Science/Science Careers' survey ranks top biotech, biopharma, and pharma employers
The Science and Science Careers' 2018 annual Top Employers Survey polled employees in the biotechnology, biopharmaceutical, pharmaceutical, and related industries to determine the 20 best employers in these industries as well as their driving characteristics.
Science in the palm of your hand: How citizen science transforms passive learners
Citizen science projects can engage even children who previously were not interested in science.
Applied science may yield more translational research publications than basic science
While translational research can happen at any stage of the research process, a recent investigation of behavioral and social science research awards granted by the NIH between 2008 and 2014 revealed that applied science yielded a higher volume of translational research publications than basic science, according to a study published May 9, 2018 in the open-access journal PLOS ONE by Xueying Han from the Science and Technology Policy Institute, USA, and colleagues.
Prominent academics, including Salk's Thomas Albright, call for more science in forensic science
Six scientists who recently served on the National Commission on Forensic Science are calling on the scientific community at large to advocate for increased research and financial support of forensic science as well as the introduction of empirical testing requirements to ensure the validity of outcomes.
World Science Forum 2017 Jordan issues Science for Peace Declaration
On behalf of the coordinating organizations responsible for delivering the World Science Forum Jordan, the concluding Science for Peace Declaration issued at the Dead Sea represents a global call for action to science and society to build a future that promises greater equality, security and opportunity for all, and in which science plays an increasingly prominent role as an enabler of fair and sustainable development.
PETA science group promotes animal-free science at society of toxicology conference
The PETA International Science Consortium Ltd. is presenting two posters on animal-free methods for testing inhalation toxicity at the 56th annual Society of Toxicology (SOT) meeting March 12 to 16, 2017, in Baltimore, Maryland.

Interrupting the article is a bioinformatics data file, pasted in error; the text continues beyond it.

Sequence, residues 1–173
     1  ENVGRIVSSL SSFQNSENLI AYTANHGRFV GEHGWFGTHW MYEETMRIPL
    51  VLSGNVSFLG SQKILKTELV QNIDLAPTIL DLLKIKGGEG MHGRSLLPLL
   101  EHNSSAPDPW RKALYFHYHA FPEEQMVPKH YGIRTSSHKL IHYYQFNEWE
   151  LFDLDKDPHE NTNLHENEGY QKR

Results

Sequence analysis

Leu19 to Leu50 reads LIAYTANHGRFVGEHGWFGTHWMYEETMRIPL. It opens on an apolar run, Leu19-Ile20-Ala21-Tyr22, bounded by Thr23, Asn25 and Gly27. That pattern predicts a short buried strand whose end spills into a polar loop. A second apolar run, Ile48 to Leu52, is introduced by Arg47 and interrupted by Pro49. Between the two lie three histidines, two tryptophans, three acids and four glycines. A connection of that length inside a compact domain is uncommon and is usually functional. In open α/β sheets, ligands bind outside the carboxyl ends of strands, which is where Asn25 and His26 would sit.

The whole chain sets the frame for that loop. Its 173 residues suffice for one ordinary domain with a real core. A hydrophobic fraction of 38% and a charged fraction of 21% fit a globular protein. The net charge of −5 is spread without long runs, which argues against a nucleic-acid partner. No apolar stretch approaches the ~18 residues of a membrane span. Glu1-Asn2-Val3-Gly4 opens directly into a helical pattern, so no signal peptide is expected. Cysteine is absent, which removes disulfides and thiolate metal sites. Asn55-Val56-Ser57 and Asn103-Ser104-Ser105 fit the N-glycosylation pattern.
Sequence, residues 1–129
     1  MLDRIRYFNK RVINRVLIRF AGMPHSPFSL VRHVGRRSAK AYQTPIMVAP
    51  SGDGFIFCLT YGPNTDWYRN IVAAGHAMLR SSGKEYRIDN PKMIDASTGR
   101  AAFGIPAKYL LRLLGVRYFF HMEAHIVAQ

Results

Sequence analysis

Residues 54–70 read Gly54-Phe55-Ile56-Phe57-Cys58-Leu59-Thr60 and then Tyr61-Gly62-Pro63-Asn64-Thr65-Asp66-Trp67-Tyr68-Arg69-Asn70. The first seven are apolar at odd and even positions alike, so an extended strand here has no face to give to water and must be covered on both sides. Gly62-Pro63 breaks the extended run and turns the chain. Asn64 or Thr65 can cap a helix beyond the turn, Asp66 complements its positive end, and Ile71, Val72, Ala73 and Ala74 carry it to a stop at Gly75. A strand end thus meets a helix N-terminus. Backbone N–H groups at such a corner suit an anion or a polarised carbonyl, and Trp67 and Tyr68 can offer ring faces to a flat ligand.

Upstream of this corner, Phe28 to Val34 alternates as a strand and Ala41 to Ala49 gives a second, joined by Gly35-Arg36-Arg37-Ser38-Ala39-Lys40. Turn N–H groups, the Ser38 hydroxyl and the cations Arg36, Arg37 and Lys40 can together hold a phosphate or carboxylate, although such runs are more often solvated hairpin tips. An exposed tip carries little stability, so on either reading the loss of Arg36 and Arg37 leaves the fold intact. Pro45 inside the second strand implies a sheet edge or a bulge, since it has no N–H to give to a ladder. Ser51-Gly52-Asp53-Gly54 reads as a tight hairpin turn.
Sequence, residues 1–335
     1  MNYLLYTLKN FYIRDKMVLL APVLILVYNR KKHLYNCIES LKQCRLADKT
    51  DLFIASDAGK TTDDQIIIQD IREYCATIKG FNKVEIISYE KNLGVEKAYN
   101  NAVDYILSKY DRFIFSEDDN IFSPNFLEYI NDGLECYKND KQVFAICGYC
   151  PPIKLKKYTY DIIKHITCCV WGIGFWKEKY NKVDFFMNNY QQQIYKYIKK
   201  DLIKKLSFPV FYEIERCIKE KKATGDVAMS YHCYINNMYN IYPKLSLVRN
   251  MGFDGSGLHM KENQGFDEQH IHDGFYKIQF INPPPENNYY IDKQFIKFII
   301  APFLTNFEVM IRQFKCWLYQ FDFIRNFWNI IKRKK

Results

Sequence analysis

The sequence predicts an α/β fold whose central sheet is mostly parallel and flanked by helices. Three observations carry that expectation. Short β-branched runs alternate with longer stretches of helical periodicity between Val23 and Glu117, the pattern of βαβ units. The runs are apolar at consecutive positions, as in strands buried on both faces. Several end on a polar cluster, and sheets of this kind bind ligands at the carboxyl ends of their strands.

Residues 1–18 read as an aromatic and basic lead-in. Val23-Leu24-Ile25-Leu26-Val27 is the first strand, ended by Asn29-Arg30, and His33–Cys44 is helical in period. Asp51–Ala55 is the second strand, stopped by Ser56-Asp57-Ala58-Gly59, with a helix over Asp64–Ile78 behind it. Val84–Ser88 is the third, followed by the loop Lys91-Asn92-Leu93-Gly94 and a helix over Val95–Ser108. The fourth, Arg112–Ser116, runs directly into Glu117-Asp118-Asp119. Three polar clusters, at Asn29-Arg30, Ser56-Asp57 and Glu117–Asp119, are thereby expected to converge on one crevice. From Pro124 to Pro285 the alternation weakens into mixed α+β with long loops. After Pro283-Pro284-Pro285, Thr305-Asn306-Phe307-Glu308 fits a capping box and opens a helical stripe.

Citizen Science in the Digital Age: Rhetoric, Science and Public Engagement
James Wynn's timely investigation highlights scientific studies grounded in publicly gathered data and probes the rhetoric these studies employ.
Science/Science Careers' survey ranks top biotech, pharma, and biopharma employers
The Science and Science Careers' 2016 annual Top Employers Survey polled employees in the biotechnology, biopharmaceutical, pharmaceutical, and related industries to determine the 20 best employers in these industries as well as their driving characteristics.
Three natural science professors win TJ Park Science Fellowship
Professor Jung-Min Kee (Department of Chemistry, UNIST), Professor Kyudong Choi (Department of Mathematical Sciences, UNIST), and Professor Kwanpyo Kim (Department of Physics, UNIST) are the recipients of the Cheong-Am (TJ Park) Science Fellowship of the year 2016.
More Science News and Science Current Events

Trending Science News

Current Coronavirus (COVID-19) News

Top Science Podcasts

We have hand picked the top science podcasts of 2020.
Now Playing: TED Radio Hour

Listen Again: The Biology Of Sex
Original broadcast date: May 8, 2020. Many of us were taught biological sex is a question of female or male, XX or XY ... but it's far more complicated. This hour, TED speakers explore what determines our sex. Guests on the show include artist Emily Quinn, journalist Molly Webster, neuroscientist Lisa Mosconi, and structural biologist Karissa Sanbonmatsu.
Now Playing: Science for the People

#569 Facing Fear
What do you fear? I mean really fear? Well, ok, maybe right now that's tough. We're living in a new age and definition of fear. But what do we do about it? Eva Holland has faced her fears, including trauma and phobia. She lived to tell the tale and write a book: "Nerve: Adventures in the Science of Fear".
Now Playing: Radiolab

The Wubi Effect
When we think of China today, we think of a technological superpower. From Huweai and 5G to TikTok and viral social media, China is stride for stride with the United States in the world of computing. However, China's technological renaissance almost didn't happen. And for one very basic reason: The Chinese language, with its 70,000 plus characters, couldn't fit on a keyboard.  Today, we tell the story of Professor Wang Yongmin, a hard headed computer programmer who solved this puzzle and laid the foundation for the China we know today. This episode was reported and produced by Simon Adler with reporting assistance from Yang Yang. Special thanks to Martin Howard. You can view his renowned collection of typewriters at: antiquetypewriters.com Support Radiolab today at Radiolab.org/donate.